The structure of demand, measured by the expenditure components of GDP, has remained relatively stable since 1980. Most of global output goes to final consumption. The least developed countries have the highest share of private consumption. They are followed by North America and developing America. Government consumption shares are lower in developing countries than in developed countries. Capital accumulation is an essential element of economic growth in developing countries. In 2001, the share of investment in GDP was highest in Asian developing countries, particularly the rapidly growing economies of South, East and South-East Asia. The lowest shares of investment in GDP are found in South America and subSaharan Africa. Major changes come from trade, which has increased as a proportion of output in most economies, reflecting greater openness. While in developed countries trade shares in GDP have not changed substantially, in developing countries the export share increased from 26% in 1980 to 36% in 2001, and the import share from 22% to 33%. The evolution of international trade shares in GDP is most remarkable in developing Asia, specifically South and East Asia.

DATA SOURCES

To learn more

[1] UNCTAD Handbook of Statistics 2003, table 7.3.

20

UNCTAD carries out policy-oriented analytical work to improve understanding of the processes of structural change and industrialization in developing countries, as well as the sources of economic growth and the components of demand. Findings are published in the annual Trade and Development Report. The 2003 edition focuses on Capital Accumulation, Growth and Structural Change.

Gross domestic product by expenditure and economic activity 1.3 B GDP by economic activity, 2001 [1] (in %) 80 70 60 50 40 30 20 10 0 Developing Africa

Developing America

Developing Asia Agriculture

Developing Oceania Industry

Countries in Central and Eastern Europe

Developed countries

Services

GDP by expenditure [1] Share in %

Private

Gross domestic investment

Exports

Government

Final consumption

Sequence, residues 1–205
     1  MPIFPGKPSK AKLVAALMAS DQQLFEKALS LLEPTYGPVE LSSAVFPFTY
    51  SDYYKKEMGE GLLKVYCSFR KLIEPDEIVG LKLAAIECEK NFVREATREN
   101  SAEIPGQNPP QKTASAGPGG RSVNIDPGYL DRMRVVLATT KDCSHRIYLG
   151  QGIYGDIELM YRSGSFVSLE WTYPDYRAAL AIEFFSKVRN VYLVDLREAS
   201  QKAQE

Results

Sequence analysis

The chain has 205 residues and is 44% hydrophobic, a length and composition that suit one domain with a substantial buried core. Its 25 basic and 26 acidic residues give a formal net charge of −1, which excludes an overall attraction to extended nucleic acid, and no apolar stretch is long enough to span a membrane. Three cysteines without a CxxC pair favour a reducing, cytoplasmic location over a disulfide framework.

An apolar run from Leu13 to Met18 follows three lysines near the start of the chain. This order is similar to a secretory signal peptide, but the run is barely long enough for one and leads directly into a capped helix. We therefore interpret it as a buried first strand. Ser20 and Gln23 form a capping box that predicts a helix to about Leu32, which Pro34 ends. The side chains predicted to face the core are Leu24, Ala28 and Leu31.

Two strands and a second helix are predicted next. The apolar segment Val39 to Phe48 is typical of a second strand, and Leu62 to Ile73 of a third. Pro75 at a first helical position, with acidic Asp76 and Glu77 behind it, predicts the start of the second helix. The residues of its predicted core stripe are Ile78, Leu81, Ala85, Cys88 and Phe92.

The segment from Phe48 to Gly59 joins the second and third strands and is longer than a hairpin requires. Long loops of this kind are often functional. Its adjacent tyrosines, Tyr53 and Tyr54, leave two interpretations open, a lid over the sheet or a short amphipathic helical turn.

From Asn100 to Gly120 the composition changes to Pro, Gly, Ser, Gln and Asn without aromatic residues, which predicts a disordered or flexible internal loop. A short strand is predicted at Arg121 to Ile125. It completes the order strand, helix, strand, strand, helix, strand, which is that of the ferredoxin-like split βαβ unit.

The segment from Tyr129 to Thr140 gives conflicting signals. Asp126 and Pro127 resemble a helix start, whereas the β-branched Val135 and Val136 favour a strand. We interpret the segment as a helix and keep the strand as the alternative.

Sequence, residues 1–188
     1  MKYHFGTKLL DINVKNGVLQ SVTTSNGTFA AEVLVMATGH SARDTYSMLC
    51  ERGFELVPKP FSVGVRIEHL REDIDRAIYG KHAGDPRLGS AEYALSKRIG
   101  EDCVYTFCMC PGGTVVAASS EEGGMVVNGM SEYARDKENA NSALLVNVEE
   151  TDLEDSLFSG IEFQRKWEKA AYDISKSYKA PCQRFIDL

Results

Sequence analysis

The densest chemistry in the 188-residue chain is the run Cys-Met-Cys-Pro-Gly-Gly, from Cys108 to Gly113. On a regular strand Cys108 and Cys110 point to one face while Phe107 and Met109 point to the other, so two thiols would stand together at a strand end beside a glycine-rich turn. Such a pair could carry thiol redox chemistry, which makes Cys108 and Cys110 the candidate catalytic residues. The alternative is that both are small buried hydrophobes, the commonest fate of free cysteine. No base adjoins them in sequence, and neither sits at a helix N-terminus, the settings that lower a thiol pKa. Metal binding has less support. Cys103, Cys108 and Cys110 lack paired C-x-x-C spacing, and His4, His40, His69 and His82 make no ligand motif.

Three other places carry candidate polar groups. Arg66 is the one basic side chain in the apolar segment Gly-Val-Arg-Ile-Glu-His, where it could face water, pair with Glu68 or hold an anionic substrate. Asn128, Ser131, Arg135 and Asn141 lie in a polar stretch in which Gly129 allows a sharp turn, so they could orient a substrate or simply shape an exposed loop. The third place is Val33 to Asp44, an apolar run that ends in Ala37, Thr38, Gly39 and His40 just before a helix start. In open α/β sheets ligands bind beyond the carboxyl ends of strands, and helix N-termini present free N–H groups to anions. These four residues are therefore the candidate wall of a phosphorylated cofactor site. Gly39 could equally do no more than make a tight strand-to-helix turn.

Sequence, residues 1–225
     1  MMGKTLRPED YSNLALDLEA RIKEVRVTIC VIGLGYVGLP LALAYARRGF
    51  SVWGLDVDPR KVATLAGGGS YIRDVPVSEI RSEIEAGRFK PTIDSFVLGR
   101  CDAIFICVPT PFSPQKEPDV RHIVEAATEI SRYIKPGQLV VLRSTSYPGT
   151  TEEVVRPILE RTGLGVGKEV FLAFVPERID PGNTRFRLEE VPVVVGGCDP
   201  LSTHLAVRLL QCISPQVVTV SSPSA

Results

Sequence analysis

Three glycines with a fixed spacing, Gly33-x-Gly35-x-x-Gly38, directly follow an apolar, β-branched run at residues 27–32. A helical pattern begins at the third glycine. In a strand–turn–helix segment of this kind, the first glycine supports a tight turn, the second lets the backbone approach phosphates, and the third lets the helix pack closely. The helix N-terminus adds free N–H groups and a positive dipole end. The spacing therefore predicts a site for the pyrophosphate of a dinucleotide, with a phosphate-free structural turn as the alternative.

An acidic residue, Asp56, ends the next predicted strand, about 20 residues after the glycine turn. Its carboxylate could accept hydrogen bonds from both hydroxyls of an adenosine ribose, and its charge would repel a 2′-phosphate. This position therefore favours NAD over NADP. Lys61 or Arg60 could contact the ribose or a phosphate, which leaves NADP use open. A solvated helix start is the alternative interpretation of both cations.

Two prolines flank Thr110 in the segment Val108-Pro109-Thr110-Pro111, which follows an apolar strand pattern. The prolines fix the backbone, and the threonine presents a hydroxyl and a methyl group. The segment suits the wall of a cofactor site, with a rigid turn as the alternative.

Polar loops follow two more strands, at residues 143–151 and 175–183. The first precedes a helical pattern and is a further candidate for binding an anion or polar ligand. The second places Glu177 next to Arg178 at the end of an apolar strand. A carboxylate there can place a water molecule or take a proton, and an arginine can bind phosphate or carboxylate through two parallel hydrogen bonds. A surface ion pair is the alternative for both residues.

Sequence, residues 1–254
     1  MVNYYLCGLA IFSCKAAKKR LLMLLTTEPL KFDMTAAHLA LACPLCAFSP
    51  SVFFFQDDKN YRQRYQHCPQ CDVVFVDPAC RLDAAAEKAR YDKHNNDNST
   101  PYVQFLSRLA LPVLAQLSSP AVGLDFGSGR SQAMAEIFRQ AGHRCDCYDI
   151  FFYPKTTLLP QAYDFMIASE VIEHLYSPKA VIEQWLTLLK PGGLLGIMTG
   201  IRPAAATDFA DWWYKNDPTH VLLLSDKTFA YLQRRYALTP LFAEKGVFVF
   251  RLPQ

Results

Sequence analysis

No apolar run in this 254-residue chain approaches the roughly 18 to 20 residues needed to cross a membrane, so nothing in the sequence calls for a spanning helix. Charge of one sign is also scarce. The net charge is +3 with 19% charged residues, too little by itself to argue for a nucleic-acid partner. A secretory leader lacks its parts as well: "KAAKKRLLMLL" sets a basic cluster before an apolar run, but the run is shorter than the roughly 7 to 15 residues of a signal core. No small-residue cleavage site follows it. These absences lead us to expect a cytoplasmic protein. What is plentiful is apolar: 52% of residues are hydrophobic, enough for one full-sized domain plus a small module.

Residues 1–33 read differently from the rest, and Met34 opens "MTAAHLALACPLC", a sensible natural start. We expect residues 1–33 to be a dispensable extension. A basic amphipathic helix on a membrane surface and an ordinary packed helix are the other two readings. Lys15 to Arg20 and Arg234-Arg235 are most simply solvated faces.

100 100 100 100 100 100 100 100 100 100 100 100 100 100 100 100 100 100 100 100 100 100 100 100 100 100 100 100 100 100 100 100 100 100 100 100 100 100 100 100

17.1 16.6 12.7 13.8 15.1 16.1 17.4 13.6 13.8 17.9 13.6 17.2 10.4 14.0 10.8 12.1 10.2 15.3 13.3 13.4 16.1 19.1 _ 15.3 11.7 12.2 10.4 11.3 21.7 .. 11.8 15.8 18.3 17.4 17.4 15.3 20.4 19.9 14.5 17.8

59.0 62.1 58.7 59.9 56.8 65.1 47.9 65.3 62.0 65.0 65.9 65.9 66.5 67.8 65.9 70.6 66.8 66.0 54.4 55.4 40.8 50.7 _ 62.9 62.3 56.2 67.2 62.1 60.7 .. 54.4 59.0 59.1 62.7 63.0 68.9 57.1 58.2 55.6 56.7

24.1 21.3 25.1 24.0 23.9 19.5 28.6 20.7 21.1 18.7 20.0 21.0 24.3 19.3 25.8 20.6 23.4 18.5 26.0 26.9 23.5 20.1 _ 24.2 27.5 28.3 24.5 22.8 27.6 .. 32.6 23.0 23.8 20.5 20.3 18.7 24.1 20.3 31.3 25.1

20.7 24.4 25.8 35.7 33.6 30.6 38.8 27.0 30.5 33.3 27.9 36.7 16.3 20.9 17.5 27.9 15.5 16.2 29.1 43.6 45.3 42.3 _ 39.5 19.5 43.9 24.3 54.3 45.0 .. 36.8 42.4 19.2 20.8 11.6 12.5 27.1 36.4 14.3 12.2

20.9 24.4 22.3 33.4 29.4 31.3 32.8 26.6 27.4 34.9 27.4 40.8 17.5 22.0 20.0 31.2 15.9 16.0 22.8 39.2 25.8 32.2 _ 41.8 21.0 40.6 26.4 50.5 55.0 .. 35.6 40.2 20.4 21.5 12.3 15.4 28.7 34.8 15.7 11.8

100 100 100 100

12.5 13.8 11.8 10.2

59.6 63.1 84.3 75.9

24.1 20.8 15.4 21.6

27.6 37.9 15.9 23.6

23.7 35.6 27.3 31.3

Total World

1980 2001 Developing countries 1980 2001 Africa 1980 2001 North Africa 1980 2001 Sub-Saharan Africa 1980 2001 Sub-Saharan Africa less South Africa 1980 2001 America 1980 2001 Central America and the Caribbean 1980 2001 South America 1980 2001 Asia 1980 2001 West Asia 1980 2001 Central Asia 1980 2001 South, East and South-East Asia 1980 2001 South, East and South-East Asia less China 1980 2001 Oceania 1980 2001 Countries in Central and Eastern Europe 1980 2001 Developed countries 1980 2001 North America 1980 2001 Europe 1980 2001 Others 1980 2001 Memorandum Developing countries less China Least developed countries

1980 2001 1980 2001

Less imports

Of goods and services

21

2 External finance, debt and foreign direct investment

2.1

External finance and debt

2.2

Foreign direct investment

2.1

External finance and debt

OVERVIEW

DEFINITIONS

Total aggregate net resource flows rose sharply between 1990 and 1996. After surging in the 1970s, when they increasingly replaced official flows as the major source of external financing, net private capital flows to developing countries had fallen considerably during the debt crisis of the 1980s, reaching their lowest level in 1986. After that they accelerated until 1996 and then declined sharply in connection with the East Asian financial crisis.



Aggregate net resource flows, as reported by the World Bank, are the sum of net private capital flows and official flows, including loans and grants.



Net private capital flows include flows of FDI, portfolio equity investment flows, bank lending, bonds, and trade-related lending from private creditors, less repayments on outstanding debt.